Bill would extend state's moratorium on reimbursement for school construction
The House Finance Committee heard legislation Monday would extend a moratorium on the state reimbursing new school bonds until 2025.
Nils Andreassen, the executive director of the Alaska Municipal League, spoke against the moratorium, saying that school districts need state funding to assist in major construction projects and maintenance.
The current Operating Budget before the House Finance Committee would see the state continue to pay 70 percent of some older school debt and 60 percent of others. However, that figure could change in the coming week as debate continues in House Finance before the budget is sent to the floor.
House Bill 106, sponsored by Rep. Tammie Wilson, R - North Pole, would have the state not pay back school construction debt incurred by municipal governments until 2025. After that point, reimbursement rates would be set at 50 percent and 40 percent.
The bill received “reluctant support” from lawmakers such as Rep. Andy Josephson, D - Anchorage, and vocal support from others such as Rep. Ben Carpenter, R - Nikiski. “It strikes me that we have a $1.6 billion deficit and we’re in a recession, it’s obvious that we can’t support spending levels that we have right now,” he said.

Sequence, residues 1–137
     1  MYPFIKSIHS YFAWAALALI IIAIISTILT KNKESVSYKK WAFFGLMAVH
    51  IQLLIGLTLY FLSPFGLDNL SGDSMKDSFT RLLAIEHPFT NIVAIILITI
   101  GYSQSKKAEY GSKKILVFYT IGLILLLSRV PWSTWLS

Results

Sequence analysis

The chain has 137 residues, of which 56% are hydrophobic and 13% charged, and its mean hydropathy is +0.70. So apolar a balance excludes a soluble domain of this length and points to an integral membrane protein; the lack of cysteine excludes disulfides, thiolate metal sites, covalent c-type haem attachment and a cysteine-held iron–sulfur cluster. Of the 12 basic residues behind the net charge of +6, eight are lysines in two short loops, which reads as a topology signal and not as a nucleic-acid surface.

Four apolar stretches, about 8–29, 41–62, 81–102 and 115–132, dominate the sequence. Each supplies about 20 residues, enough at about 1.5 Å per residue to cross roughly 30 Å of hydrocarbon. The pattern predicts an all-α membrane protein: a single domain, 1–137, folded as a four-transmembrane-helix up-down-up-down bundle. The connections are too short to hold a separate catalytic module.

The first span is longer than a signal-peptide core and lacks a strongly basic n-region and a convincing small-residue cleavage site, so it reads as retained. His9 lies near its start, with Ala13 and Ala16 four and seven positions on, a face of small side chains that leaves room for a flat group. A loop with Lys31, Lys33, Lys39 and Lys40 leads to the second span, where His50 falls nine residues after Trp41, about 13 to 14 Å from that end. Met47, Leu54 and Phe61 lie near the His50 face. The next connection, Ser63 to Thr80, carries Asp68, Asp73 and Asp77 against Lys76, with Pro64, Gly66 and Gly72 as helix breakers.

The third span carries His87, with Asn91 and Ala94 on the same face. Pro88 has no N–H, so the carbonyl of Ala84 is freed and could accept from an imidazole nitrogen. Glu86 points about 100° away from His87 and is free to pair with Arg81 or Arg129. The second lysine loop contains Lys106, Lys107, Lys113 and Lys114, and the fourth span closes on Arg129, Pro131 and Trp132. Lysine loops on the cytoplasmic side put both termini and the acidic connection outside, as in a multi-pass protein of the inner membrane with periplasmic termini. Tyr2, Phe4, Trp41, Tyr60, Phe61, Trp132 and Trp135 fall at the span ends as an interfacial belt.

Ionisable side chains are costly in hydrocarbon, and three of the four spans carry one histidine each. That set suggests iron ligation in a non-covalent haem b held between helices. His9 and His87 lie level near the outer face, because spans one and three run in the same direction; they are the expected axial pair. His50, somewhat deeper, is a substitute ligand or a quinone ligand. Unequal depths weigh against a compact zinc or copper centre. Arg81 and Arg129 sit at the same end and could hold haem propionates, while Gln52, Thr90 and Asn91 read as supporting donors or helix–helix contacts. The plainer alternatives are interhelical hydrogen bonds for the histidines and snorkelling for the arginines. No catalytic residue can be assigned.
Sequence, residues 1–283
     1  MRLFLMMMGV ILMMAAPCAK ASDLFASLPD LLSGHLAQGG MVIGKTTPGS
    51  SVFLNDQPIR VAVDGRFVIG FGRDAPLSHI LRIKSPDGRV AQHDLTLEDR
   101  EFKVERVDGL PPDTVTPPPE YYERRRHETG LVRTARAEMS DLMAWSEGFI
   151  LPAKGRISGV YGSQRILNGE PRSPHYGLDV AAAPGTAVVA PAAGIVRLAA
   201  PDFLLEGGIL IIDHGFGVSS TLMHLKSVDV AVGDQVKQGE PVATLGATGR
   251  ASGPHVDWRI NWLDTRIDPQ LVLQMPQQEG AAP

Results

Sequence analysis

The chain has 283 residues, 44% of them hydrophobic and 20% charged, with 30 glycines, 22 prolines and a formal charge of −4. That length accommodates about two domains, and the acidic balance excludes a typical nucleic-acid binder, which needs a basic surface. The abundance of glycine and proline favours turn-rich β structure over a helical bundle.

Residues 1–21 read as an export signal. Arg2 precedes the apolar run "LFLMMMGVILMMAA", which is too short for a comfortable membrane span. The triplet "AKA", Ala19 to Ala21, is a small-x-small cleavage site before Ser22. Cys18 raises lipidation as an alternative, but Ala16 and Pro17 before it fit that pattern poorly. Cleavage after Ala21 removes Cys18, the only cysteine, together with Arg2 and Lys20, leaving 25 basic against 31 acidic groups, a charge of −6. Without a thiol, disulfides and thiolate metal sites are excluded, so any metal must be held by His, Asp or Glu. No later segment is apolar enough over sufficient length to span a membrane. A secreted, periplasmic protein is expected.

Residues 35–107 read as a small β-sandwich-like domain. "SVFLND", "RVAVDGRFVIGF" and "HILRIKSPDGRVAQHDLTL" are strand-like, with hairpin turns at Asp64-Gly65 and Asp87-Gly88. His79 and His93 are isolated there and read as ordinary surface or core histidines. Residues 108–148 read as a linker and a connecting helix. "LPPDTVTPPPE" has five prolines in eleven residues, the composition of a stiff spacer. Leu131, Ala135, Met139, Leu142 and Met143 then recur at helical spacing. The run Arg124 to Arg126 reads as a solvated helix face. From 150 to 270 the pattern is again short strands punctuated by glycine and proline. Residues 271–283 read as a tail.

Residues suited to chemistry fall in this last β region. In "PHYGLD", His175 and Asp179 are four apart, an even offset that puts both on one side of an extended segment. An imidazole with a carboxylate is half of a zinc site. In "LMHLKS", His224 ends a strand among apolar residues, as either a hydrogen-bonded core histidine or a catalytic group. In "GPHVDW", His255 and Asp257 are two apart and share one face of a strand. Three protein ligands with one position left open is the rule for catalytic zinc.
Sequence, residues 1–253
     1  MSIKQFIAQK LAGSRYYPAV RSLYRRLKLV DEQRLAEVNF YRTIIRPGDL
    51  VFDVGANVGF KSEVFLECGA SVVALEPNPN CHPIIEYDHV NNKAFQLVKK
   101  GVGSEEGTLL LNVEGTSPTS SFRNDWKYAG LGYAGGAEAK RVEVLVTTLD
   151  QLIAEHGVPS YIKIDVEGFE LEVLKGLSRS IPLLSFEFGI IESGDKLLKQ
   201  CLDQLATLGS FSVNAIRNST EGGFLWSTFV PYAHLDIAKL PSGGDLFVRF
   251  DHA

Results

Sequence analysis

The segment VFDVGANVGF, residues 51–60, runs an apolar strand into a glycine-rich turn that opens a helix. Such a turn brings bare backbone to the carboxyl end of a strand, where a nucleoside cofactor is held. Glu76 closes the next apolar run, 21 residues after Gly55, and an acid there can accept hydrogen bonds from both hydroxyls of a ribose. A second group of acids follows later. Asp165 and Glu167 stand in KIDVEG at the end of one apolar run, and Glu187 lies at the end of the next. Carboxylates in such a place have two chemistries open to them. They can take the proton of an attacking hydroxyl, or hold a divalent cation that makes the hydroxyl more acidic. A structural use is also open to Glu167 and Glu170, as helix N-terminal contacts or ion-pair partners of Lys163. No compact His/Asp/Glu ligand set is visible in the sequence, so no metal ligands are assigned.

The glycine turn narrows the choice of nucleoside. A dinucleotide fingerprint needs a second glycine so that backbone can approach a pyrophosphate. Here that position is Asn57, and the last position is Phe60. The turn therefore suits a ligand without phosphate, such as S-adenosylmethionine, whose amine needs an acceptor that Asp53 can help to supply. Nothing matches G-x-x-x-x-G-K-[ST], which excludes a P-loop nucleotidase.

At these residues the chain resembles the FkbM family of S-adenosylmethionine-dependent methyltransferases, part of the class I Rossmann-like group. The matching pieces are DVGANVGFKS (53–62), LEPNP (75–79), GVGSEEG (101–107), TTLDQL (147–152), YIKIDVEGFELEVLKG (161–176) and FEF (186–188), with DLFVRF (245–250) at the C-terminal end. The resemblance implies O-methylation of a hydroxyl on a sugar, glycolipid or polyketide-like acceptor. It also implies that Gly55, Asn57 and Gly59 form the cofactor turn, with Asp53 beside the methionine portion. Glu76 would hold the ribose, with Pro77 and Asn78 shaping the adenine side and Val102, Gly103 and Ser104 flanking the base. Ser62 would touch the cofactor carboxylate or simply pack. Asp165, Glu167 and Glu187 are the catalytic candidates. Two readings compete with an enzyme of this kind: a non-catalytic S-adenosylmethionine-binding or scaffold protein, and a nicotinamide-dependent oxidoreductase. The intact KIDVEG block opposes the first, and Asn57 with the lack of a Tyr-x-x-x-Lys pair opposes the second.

The Legislative Finance Division, a nonpartisan organization that advises the Legislature, reports that “it is difficult to accurately predict the fiscal impact this bill would have.”
In 2016, the Legislature approved a stoppage for five years on reimbursing new school bonds that were issued after Jan. 1, 2015. For debt incurred before that date, the state had been paying around 70 percent on some debt and 60 on others before Gov. Bill Walker vetoed the amount of debt that would be repaid by the state.
Gov. Mike Dunleavy’s FY2020 budget goes a step further. The administration would eliminate all payments to municipal governments for any of their school construction costs.
Michael Barnhill, the policy director at the Office of Management and Budget, told a Senate Finance Committee hearing in February that the inventory of
The governor introduced Senate Bill 64 on Feb. 15 to repeal payments to municipal governments for school construction debt. “The program, while well-intentioned, has become unsustainable and unnecessary,” read the governor’s transmittal letter.
Under SB 64, the state would save an estimated $100 million in fiscal year 2020.
“Honestly, districts and local governments are concerned,” said Andreassen. “This is one constitutional obligation that the state has and it’s essential to a community’s quality of life.”
School districts across the state hold varying levels of debt. The Anchorage School District is asking voters to approve a roughly
For the Matanuska-Susitna Borough School District,
. In 2020, the borough would need to pay $18.3 million.